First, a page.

After the conference, we collaborated with the VPR’s office to lead discussions on how we might move forward as an institution. We suggested key faculty attendees for the first discussion, led by the associate VPR. This collaboration provoked excellent discussion of concrete ideas, including building a weeklong, credit-bearing course into the next conference; creating a group for on-campus journal editors; and networking across disciplines. In addition, one of the authors (Rethlefsen) led a follow-up discussion with the research deans group to get additional feedback and gauge interest in educational or training sessions for their faculty and students.
Going forward, we are using feedback from the conference and discussion sessions to create a plan for future directions. We are currently planning a second conference for 2018 that will kick off a weeklong credit- and certificate-bearing course. We have partnered with the Department of Philosophy to offer credit for the course, and we have already received commitments for sponsorships from the VPR and CCTS for the conference. The CCTS will also ask their trainees to attend the course, ensuring at least twelve students for the weeklong session.
We are working with the VPR to investigate making this training mandatory for grantees on campus. In addition, to retain momentum, we are starting research reproducibility grand rounds in September 2017. This yearlong program will enable reproducibility-engaged students, staff, and faculty to hear from experts across campus on how their disciplines ensure reproducibility. To complement the grand rounds sessions, we are partnering with College of Nursing faculty and the Research Administration Training Series (RATS) director to plan practical courses to teach reproducibility skills.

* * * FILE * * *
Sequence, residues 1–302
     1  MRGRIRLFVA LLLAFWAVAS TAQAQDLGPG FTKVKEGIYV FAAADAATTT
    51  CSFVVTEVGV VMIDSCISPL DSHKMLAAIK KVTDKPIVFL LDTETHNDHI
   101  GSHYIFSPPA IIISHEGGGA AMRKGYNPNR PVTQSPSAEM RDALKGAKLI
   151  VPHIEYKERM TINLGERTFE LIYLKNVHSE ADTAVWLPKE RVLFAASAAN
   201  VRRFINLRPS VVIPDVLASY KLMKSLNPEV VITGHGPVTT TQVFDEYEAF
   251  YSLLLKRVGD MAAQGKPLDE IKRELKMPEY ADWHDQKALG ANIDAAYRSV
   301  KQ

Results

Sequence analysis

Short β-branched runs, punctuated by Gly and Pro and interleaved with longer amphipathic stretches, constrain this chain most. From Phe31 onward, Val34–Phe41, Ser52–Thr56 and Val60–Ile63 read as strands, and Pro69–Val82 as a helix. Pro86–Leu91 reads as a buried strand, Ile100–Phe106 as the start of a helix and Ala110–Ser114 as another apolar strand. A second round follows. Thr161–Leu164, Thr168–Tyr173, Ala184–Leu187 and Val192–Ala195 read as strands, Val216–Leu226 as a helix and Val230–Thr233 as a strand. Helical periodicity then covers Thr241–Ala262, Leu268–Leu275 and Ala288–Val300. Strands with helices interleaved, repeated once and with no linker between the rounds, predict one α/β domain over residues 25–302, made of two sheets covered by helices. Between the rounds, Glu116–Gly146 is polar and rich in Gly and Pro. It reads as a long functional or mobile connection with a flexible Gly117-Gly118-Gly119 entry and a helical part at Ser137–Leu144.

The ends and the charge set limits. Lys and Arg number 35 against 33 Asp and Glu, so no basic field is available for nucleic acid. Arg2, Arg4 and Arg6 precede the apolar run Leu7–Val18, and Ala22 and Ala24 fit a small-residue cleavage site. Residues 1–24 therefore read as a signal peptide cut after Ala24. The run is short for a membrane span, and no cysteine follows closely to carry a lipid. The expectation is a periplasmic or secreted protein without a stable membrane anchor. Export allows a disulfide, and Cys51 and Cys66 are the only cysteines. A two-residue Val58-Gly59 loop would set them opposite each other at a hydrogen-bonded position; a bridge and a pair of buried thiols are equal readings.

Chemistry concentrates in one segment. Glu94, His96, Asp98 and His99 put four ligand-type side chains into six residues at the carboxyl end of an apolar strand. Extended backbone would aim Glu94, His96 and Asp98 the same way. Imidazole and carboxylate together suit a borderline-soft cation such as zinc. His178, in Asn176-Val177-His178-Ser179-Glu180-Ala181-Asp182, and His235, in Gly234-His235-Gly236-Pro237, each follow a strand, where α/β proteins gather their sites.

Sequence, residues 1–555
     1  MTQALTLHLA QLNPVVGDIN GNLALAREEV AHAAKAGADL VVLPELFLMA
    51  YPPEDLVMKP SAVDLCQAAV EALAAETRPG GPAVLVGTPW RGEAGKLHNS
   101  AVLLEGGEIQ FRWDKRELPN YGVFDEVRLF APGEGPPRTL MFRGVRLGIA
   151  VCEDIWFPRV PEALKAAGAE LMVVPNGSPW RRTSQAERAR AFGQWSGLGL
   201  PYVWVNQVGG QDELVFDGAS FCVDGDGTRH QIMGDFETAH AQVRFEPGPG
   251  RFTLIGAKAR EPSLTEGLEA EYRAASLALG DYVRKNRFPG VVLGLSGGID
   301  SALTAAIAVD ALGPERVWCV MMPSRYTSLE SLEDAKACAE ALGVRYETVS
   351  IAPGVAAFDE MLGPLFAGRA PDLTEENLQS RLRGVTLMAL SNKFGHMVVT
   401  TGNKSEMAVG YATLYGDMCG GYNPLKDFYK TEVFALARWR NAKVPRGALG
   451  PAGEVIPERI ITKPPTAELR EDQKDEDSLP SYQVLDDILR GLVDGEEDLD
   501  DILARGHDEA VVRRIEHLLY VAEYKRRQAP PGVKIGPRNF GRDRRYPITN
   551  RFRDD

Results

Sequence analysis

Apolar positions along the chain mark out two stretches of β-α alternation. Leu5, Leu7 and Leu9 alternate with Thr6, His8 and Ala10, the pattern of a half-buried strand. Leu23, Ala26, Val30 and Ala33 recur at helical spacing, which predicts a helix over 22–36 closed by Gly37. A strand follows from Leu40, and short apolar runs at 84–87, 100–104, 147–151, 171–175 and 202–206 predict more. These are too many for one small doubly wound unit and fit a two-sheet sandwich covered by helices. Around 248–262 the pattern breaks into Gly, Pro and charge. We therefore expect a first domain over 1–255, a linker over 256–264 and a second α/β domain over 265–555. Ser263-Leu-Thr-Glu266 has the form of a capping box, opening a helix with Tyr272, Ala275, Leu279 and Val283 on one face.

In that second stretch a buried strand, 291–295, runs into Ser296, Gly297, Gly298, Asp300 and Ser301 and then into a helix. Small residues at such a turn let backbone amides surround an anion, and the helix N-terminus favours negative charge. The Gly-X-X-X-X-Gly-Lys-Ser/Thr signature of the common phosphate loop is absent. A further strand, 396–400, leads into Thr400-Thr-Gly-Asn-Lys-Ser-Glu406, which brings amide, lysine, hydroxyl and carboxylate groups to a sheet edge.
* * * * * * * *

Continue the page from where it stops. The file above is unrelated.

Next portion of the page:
Lastly, we formed a Research Reproducibility Coalition, which will meet quarterly, to enable members to network and keep other groups on campus informed about work going on in their areas. The Research Reproducibility Coalition will also help provide guidance on curriculum development and conference programming.